Victims of Malawi’s bloody protest speak
July 21, 2011 was an unruly day in Lumbadzi, Malawi – a violent protest paraded through the streets. While some citizens were using the protest to loot shops and pelt stones at police officers, many innocent people were injured.
“I started to run, but I felt numbness in my left foot. I realized that there was a lot of blood and I was told that I was shot,” said 16-year-old Stanley Zacharia, who said he was shot in the foot by police following the demonstration against corrupt governance charges.
The violent protest left 20 people dead and over 200 people injured.
It has been over seven months since the occurrence and families of surviving victims have yet to receive answers, advice or assistance from any organization.
“I rushed to the scene and when I got there I saw my boy was lying in a pool of blood. He couldn’t walk or sit. The blood was oozing so much,” said Albert Zacharia, who described the day when he thought his son, Stanley, was going to die.
Zacharia wasn’t the only 16-year-old to be shot during the July demonstration. Mphatso Banda, who was on the verge to play for Malawi’s national under-17 soccer team, now lives with a bullet in his leg. He was also shot by a police officer. He said he wasn’t a threat to police, but rather he was at the wrong place at the wrong time.
“I was coming back from the trading centre and that’s where I was shot. In fact, I didn’t even know I was shot until someone told me,” said Mphatso.
A lot of money was spent on hospital bills. While Zacharia is left with two broken toes and a wound that may cause infection, Mphatso was told by doctors at Kamuzu Central Hospital in Lilongwe that resources for his recovery would be readily available at a hospital in South Africa. However, due to the lack of financial means, he cannot afford to pay for his full recovery.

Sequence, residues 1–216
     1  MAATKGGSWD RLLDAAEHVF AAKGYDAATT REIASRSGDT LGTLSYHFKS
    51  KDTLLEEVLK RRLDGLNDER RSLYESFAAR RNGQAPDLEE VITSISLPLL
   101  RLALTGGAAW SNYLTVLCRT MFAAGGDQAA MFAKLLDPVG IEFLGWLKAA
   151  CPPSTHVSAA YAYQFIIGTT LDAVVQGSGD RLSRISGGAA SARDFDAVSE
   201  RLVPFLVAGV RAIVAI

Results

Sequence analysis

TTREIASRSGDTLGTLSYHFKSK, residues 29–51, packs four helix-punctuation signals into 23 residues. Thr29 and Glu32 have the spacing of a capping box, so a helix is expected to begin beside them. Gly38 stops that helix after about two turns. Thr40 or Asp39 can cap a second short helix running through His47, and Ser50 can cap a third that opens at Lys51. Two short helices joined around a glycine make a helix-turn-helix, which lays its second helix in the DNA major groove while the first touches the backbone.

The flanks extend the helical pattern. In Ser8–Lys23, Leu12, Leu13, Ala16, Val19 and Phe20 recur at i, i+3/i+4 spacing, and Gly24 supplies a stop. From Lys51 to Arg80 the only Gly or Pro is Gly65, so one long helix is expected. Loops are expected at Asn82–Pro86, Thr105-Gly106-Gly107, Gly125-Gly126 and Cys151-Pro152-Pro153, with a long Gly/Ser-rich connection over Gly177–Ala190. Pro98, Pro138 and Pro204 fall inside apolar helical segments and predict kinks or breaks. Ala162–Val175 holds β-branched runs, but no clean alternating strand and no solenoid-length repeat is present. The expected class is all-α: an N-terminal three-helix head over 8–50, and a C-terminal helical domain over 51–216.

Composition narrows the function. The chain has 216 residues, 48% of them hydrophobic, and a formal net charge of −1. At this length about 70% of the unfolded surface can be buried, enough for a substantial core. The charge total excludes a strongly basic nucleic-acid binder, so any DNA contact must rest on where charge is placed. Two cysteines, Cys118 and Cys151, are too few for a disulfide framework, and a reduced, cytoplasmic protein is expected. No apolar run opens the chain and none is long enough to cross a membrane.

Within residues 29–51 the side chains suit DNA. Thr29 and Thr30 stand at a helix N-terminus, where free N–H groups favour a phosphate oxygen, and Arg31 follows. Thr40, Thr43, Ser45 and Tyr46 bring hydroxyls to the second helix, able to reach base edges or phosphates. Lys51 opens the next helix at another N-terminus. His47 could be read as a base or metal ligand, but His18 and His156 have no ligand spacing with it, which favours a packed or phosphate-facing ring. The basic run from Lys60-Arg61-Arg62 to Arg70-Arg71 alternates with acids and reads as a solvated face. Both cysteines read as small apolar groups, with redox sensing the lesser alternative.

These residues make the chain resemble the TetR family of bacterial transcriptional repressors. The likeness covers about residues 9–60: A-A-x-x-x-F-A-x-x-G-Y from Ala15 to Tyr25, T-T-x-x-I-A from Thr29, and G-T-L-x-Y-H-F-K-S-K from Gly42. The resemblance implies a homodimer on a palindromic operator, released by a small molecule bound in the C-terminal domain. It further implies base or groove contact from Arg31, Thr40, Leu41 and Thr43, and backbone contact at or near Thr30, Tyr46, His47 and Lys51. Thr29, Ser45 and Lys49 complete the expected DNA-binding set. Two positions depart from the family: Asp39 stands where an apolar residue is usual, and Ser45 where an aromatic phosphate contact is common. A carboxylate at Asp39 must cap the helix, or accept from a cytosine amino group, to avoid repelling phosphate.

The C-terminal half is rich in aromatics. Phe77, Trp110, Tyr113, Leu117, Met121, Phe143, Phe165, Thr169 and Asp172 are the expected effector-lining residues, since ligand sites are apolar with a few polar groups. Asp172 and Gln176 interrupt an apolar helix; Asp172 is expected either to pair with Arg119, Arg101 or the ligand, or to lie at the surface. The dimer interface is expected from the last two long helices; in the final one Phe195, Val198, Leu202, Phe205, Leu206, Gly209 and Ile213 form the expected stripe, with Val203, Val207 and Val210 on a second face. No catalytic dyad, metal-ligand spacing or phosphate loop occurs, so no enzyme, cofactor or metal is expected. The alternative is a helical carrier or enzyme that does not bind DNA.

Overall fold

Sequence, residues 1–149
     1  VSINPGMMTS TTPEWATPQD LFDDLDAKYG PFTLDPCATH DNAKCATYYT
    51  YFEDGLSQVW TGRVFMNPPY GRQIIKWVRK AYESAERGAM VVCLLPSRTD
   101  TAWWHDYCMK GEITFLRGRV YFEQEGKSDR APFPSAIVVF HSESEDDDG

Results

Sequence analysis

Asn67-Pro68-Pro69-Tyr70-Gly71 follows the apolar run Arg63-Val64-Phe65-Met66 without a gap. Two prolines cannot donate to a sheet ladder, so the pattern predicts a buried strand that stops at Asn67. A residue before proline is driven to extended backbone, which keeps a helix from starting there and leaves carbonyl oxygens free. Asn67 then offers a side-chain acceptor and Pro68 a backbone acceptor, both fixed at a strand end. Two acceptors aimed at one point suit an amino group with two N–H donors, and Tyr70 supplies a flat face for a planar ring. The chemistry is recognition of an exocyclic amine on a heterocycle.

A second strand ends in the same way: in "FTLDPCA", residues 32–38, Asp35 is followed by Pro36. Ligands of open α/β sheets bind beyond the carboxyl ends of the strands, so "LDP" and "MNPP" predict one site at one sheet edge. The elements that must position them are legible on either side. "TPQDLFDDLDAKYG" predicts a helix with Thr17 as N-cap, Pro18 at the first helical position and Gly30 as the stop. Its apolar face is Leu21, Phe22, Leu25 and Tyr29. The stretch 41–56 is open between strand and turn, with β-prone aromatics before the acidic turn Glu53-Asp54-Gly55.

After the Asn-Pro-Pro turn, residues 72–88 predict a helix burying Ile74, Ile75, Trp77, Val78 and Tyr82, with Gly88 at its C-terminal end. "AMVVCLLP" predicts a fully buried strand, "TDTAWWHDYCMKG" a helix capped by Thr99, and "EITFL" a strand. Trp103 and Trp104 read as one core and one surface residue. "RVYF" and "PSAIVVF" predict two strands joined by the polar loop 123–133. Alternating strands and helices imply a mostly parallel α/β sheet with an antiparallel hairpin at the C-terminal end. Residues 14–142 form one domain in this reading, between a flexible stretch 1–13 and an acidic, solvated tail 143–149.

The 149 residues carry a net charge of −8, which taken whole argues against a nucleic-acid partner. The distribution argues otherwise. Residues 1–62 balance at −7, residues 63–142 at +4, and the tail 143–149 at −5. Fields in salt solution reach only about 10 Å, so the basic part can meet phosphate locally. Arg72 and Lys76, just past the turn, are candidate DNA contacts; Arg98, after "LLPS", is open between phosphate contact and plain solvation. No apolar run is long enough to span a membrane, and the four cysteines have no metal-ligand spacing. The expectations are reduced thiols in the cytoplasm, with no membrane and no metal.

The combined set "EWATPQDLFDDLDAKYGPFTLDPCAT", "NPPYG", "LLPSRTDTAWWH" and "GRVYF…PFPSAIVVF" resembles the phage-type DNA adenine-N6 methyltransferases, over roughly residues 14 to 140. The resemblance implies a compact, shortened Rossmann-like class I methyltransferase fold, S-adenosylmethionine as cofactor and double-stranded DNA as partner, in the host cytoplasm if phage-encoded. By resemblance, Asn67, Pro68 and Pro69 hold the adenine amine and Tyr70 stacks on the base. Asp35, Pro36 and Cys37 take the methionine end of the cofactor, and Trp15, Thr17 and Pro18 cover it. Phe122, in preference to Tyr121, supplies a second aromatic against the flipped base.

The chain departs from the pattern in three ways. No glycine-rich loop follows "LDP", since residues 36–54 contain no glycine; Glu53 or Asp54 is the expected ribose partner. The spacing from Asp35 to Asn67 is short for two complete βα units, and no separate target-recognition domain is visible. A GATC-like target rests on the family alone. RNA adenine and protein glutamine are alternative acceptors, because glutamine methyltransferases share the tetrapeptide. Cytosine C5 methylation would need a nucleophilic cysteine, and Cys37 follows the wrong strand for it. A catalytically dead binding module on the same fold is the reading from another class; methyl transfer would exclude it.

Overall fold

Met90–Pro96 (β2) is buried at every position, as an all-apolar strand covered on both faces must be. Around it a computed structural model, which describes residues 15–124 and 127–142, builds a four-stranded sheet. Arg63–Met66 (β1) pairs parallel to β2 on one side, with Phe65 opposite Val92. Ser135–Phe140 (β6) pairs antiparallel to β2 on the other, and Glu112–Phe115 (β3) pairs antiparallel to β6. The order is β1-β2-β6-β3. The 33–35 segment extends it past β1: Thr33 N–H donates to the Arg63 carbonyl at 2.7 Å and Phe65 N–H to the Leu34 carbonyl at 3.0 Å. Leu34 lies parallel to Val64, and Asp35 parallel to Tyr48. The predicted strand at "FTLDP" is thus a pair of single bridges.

There has been financial compensation to families who have lost loved ones, but those left with permanent injuries like Stanley and Mphatso have not received any compensation.
During a 2012 New Year’s speech, Malawi police chief Peter Mukhito admitted that the police force did not have adequate equipment to handle July’s demonstration. Rather than using rubber bullets, the police used real bullets.
Davie Chingwalu, the national spokesperson for the Malawi police said cases like Zacharia’s are still being investigated.
The Malawi Human Rights Commission is a government organization that investigates cases in which police may have caused unnecessary injuries. John Kapito, the chairperson of the MHRC said during their investigation, they did discover the injustice on both Stanley’s and Mphatso’s cases. He said their next step is to determine what action should follow.
The human rights activists who organized the July 21 demonstration, among others, have been paying tribute to families of people whose lives were lost during the violent protest. MacDonald Sembereka, the national coordinator of the Human Rights Consultative Committee, was one of the many who organized the demonstration and said there are legal actions that victims can initiate.
“We are looking at legal address for them. We know who shot them and they are liable to sue the government in this circumstance. We want them to take this to court,” said Sembereka.
Albert Zacharia, Stanley’s father, worries about the lack of action taken by these organizations that are forefront of the investigations.
“Who do I blame? Should I blame the government, the civil society, should I blame myself? Should I blame the boy? There are no answers to these questions. At the moment, I need assistance in figuring out what should be the next step,” he said.
There's so much more to Africa than predictable headlines about war, famine and AIDS. From Ghanaian beauty pageants to music in Malawi, Africa Without Maps provides a rare glimpse of life in Africa from Journalists for Human Rights interns on the ground.